Finding income stocks to buy and hold in your pension portfolio can be a complex process, which is why many investors choose income funds instead.
Income funds offer a diverse stream of income with an instantly diversified portfolio, so you don’t have to worry about the financial health of every company you own.
Inflation is out of control, and people are running scared. But right now there’s one thing we believe Investors should avoid doing at all costs… and that’s doing nothing. That’s why we’ve put together a special report that uncovers 3 of our top UK and US share ideas to try and best hedge against inflation… and better still, we’re giving it away completely FREE today!
Today I’m looking at two such funds. Both of them own a collection of renewable energy assets, which are producing a steady stream of income, which I feel means they are the perfect funds to hold in a retirement portfolio.
The first one is the Foresight Solar Fund (LSE: FSFL). After recently completing a deal to acquire 15 UK solar assets, with a total installed capacity of 114mw, for £47m, Foresight is now reportedly the “largest UK-listed dedicated solar energy investment company by installed capacity.“
The fund’s assets are not just limited to the UK. In the first half of 2018, the first of Foresight’s Australian assets successfully connected to the country’s electricity grid. Australia is now a key market for the group as the region tries to reduce carbon emissions by 26% by 2030. At its current trajectory, it looks as if Australia will beat this target.
But Australia isn’t the only country using solar energy to reduce carbon emissions.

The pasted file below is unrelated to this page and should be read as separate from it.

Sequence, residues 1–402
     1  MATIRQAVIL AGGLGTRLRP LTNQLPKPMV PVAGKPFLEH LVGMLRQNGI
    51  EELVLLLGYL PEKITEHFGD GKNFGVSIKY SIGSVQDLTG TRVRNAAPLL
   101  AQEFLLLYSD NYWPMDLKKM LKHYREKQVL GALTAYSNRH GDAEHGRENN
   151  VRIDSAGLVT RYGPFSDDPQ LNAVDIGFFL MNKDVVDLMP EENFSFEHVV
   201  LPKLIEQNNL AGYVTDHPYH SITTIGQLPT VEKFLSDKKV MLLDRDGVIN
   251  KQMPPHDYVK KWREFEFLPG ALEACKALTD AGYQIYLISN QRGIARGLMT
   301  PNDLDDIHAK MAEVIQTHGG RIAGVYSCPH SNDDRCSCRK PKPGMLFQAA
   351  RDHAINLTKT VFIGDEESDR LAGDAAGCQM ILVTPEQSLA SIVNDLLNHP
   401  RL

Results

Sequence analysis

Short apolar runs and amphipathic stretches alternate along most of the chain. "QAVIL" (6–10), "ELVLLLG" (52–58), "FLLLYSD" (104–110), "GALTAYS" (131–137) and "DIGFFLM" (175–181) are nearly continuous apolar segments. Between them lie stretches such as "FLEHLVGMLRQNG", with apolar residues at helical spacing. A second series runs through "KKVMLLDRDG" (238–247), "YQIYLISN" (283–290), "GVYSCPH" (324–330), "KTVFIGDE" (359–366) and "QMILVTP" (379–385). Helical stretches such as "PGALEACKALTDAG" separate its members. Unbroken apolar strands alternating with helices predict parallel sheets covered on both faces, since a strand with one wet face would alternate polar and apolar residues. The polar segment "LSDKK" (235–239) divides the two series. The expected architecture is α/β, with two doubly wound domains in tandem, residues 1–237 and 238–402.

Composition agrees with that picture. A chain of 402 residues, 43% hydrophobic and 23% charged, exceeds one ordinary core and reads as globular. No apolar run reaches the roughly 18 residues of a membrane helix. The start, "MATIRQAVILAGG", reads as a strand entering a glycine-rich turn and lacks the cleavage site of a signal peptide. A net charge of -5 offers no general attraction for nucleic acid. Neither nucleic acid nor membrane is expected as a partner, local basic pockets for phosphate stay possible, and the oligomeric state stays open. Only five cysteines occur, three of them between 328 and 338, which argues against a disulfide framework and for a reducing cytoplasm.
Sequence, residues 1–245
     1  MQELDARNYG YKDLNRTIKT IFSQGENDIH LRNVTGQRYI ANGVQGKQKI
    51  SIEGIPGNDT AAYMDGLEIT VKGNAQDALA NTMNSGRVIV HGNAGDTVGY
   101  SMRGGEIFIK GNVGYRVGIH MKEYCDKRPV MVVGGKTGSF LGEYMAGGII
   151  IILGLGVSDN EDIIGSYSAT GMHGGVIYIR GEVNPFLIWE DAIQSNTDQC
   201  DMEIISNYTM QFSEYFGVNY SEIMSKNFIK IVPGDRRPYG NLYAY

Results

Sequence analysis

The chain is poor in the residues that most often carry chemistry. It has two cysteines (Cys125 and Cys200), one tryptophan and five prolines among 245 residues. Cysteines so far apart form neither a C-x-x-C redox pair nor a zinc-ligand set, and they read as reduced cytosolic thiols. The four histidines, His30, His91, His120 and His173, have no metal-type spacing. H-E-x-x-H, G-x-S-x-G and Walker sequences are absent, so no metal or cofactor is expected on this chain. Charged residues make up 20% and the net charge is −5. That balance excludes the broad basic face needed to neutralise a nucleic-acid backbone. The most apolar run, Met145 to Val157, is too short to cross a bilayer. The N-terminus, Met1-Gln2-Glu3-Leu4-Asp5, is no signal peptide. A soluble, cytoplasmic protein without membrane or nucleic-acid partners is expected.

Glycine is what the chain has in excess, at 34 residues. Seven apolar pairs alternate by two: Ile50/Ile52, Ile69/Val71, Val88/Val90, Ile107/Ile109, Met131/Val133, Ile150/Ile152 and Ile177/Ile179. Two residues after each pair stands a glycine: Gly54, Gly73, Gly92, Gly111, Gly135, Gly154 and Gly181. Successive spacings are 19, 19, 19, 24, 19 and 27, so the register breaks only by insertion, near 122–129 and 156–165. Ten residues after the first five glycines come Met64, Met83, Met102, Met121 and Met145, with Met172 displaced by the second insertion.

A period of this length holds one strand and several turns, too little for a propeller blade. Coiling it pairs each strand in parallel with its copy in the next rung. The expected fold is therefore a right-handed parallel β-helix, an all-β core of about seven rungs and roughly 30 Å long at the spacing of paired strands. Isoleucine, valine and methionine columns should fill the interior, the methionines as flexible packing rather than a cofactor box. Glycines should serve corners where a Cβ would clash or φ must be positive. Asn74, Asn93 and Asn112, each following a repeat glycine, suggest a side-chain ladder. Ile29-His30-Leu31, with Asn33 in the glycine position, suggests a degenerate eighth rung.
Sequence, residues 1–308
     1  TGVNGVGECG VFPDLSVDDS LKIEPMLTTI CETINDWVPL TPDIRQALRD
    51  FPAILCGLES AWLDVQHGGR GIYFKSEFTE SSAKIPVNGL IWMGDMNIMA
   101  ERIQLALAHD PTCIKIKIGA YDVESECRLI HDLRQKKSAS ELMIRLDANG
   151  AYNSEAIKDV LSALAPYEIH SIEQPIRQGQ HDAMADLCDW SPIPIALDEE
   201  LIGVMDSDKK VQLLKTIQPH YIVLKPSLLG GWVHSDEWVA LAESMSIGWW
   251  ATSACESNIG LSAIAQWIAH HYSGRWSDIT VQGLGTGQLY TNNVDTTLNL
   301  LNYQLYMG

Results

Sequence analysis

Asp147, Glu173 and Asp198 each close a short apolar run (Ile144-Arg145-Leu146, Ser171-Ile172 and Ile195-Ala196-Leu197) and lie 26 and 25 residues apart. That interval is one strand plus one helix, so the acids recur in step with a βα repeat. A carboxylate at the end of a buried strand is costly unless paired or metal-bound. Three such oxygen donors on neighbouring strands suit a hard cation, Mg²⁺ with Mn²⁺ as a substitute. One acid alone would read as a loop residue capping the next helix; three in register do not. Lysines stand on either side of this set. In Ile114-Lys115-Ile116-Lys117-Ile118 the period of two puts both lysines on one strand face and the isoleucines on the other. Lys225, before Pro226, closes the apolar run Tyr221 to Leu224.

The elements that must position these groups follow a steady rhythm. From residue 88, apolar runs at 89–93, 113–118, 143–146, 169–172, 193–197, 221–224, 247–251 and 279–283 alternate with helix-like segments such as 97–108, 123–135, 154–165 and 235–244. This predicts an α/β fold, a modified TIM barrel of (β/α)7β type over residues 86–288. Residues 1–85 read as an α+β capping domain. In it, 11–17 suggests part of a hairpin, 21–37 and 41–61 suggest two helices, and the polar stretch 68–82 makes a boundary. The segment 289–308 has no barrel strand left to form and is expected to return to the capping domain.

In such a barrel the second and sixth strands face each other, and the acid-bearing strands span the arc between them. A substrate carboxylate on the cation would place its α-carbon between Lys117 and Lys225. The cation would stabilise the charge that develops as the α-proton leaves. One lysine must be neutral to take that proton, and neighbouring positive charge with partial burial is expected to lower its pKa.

Global installed solar capacity increased 30% last year surpassing most forecasts. Indeed, most solar market forecasters were predicting little-if-no-growth after the market expanded 50% in 2016. With the solar market booming, Foresight has plenty of options to expand its asset base.
According to its first-half results release, the company is currently conducting due diligence on 300mw of potential investments in the UK and Western Europe.
Its management is targeting an annual dividend distribution of 6.6p per share paid on a quarterly basis. Management is also planning a yearly RPI-linked uplift in the distribution depending on market conditions. At the current share price, this implies a dividend yield of 5.9%.
Another fund that is trying to capitalise on the rising demand for renewable energy is Greencoat Wind (LSE: UKW).
Greencoat, as its name suggests, is a green energy fund focused on wind power assets. Like solar, wind energy assets are attracting plenty of attention from investors who are looking to capitalise on the shift away from fossil fuels towards renewable energy. According to the Financial Times, last year investors ploughed $4.7bn into wind projects across the UK, up to 200% year-on-year.
The high demand for wind assets can be seen in Greencoat’s stock price. Shares in the firm are trading a premium of 10% to net asset value of 114p.
Still, despite the small premium, Greencoat’s dividend potential remains attractive. Analysts have pencilled in a dividend yield of 5.5% for the full year, based on last year’s distribution and an inflation-linked uplift of approximately 4%.
Greencoat has already spent £277m increasing the size of its portfolio so far in 2018 and is weighing up multiple other opportunities. This growth gives me confidence that the dividend distribution is sustainable.
Overall, it looks to me as if it is an excellent addition to any retirement portfolio.